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Re: And Now for Something Completely Different (was Re: IPv6 news)
Tony, On Oct 18, 2005, at 1:56 PM, Tony Li wrote:
No. The only code change that must occur is at the core/edge transition device _at both ends_. Let me try explaining this by example:Not necessarily. If you transition at the edge, what happens within the site matters only to the site and what matters to the core only matters to the core. No stacks, either core or edge, need to be rewritten.Transitioning at the edge implies to me that the hosts need to know about different semantics for the IPv6 header. That, in turn, implies that there is different code for the hosts.
Assume you have:
- ISP A providing service to site X.
- ISP B providing service to site Y.
- ISP A has locator prefix A000::0
- ISP B has locator prefix B000::0
- Site X has identifier prefix 1000::0
- Site Y has identifier prefix 2000::0
- Host 1000::1 wants to send a packet to host 2000::2
1. Packet leaves host 1000::1 destined for 2000:2 and ends up at the site edge router for ISP A.
2. The site edge router for ISP A sees destination 2000:2 and looks up the locator in some globally distributed database using the identifier prefix 2000::0, getting back locator prefix B000::0.
3. The site edge router for ISP A rewrites the destination address with the locator prefix, i.e., B000::2.
4. The site edge router for ISP A forwards the packet to the next (core) hop for destination B000::2.
5. The site edge router for ISP B receives the packet destined for B000::2
6. The site edge router for ISP B rewrites the destination prefix with the identifier prefix, i.e., 2000::2
7. The site edge router for ISP B forwards the packet to the destination.
You want multi-homing? Site Y has two ISPs, each having their own locator prefix, e.g., ISP B (B000::0) and ISP C (C000::0). The lookup at step 2 returns two locators and the site edge router for ISP A can choose which path to take (perhaps with advice from the administrator of Site Y encoded in the response from the lookup, e.g., a preference or priority value). Transparent renumbering is obvious. Mobility might be possible with a little work and the old site edge router forwarding to the new site edge router for the duration of the cached response from the lookup.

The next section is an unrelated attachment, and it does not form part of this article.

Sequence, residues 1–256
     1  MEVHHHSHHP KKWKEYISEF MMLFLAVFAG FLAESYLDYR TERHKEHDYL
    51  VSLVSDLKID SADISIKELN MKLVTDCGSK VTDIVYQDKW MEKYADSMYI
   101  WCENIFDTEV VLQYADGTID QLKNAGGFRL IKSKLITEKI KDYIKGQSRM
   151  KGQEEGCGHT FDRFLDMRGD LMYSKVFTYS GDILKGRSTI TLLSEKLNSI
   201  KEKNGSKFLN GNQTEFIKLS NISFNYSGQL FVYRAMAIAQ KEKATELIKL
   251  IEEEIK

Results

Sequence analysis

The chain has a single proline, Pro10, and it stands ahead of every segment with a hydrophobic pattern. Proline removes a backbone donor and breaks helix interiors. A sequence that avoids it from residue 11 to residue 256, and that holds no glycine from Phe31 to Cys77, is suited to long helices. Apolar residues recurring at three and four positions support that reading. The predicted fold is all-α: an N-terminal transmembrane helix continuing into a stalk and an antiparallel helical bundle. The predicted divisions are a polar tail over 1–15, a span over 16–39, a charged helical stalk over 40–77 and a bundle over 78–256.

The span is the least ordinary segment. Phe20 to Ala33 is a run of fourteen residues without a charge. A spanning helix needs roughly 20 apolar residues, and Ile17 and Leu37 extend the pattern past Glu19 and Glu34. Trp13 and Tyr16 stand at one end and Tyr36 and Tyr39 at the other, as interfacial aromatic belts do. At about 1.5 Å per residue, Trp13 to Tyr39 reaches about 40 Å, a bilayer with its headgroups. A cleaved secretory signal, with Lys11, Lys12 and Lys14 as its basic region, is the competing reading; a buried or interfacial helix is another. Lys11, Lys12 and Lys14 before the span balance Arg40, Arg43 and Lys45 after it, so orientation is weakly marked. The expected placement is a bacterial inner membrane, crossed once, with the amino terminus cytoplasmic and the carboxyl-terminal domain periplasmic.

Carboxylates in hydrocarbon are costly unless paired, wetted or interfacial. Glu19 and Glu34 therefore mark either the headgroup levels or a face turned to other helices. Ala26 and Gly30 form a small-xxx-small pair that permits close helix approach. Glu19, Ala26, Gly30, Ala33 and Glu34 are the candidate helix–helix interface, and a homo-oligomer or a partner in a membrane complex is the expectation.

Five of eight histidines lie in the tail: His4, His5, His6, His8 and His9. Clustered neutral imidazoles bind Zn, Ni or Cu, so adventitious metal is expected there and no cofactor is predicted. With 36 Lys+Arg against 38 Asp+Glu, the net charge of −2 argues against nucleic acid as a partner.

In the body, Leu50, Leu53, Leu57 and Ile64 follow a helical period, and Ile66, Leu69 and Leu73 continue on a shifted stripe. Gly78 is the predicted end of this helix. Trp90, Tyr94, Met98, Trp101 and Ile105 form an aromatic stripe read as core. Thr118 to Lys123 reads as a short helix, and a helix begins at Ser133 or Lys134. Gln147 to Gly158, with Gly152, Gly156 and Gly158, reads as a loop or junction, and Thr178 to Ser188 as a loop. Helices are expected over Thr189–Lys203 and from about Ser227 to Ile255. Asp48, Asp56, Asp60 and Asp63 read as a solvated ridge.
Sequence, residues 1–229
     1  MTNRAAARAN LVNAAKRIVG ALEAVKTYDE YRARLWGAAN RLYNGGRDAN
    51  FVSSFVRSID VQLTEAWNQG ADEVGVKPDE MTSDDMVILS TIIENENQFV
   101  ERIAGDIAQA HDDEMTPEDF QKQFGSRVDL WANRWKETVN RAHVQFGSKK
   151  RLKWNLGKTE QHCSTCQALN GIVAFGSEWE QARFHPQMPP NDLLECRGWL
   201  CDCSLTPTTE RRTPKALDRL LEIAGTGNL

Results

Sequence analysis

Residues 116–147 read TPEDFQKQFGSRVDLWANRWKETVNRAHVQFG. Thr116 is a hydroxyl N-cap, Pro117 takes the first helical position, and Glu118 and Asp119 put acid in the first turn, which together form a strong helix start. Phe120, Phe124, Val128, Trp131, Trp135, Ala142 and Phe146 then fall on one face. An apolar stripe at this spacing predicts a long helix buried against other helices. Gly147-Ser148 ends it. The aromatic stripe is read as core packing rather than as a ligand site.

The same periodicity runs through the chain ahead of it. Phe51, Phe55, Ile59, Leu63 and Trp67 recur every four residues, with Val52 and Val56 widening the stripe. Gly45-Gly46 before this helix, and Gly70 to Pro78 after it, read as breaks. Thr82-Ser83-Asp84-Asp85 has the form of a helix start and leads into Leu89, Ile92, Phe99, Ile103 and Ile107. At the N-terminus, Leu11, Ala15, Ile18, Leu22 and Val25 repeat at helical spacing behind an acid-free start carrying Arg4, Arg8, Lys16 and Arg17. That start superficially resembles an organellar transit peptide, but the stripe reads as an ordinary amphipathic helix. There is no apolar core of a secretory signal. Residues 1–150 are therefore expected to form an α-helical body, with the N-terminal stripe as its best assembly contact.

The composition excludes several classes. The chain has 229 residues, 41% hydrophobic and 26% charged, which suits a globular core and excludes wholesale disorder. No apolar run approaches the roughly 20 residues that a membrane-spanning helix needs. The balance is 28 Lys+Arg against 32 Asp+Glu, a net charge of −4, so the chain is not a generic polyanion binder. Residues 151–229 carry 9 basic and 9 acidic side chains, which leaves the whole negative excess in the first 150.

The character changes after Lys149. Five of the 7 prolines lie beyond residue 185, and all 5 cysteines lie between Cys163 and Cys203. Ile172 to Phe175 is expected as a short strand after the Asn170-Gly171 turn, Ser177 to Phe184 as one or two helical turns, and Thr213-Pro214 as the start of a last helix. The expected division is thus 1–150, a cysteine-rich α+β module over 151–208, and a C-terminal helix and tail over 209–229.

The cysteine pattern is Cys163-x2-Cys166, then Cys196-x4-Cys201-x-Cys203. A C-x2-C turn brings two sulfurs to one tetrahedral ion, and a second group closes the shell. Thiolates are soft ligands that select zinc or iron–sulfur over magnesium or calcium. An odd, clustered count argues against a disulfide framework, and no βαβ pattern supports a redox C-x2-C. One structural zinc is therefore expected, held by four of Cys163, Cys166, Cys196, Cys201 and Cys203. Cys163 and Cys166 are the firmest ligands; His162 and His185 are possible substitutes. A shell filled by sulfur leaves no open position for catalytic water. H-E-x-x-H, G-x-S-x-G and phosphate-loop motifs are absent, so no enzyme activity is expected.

No code changes within the site or within the core would be necessary.
Of course, the tricky bit is in looking up the locator in the globally distributed database and caching the response (which presumably would be necessary because the lookup will take a long time, relatively speaking). When a new 'conversation' between two hosts start, the initial packet will obviously have increased latency, but subsequent packets could rely on cached information.
Again, I realize this is a hack, but I suspect it is a hack that impacts fewer points than something like shim6.
Again, source address selection is going to require something different than what we have today. The host might have to interact with some centralized policy server, execute a selection algorithm, or consult an oracle. Whatever that might be, there is new code involved.Well, yes, if source address selection is important. My point was that there didn't have to be new code in the IP stack.
As with any political process, the stated requirements are a function of perspective. The stated requirements may or may not have anything to do with reality, realizability, practicality, or architectural elegance.Hmm. Are the aliens who took the _real_ IETF and replaced it with what's there now going to give it back? :-)
It could have been done the right way in the protocol, but it wasn't. Yes, the result is that the subsequent 'work around' solution is much more complicated than it could have been.I grant additional complexity is necessary. However, additional complexity in every system seems like a bad idea to me.
Again, between multihoming and mobility, the ubiquity and necessity of Internet access, and the reliability of the last mile, this is not going to remain a rare or even minority issue.
I very much agree. Rgds, -drc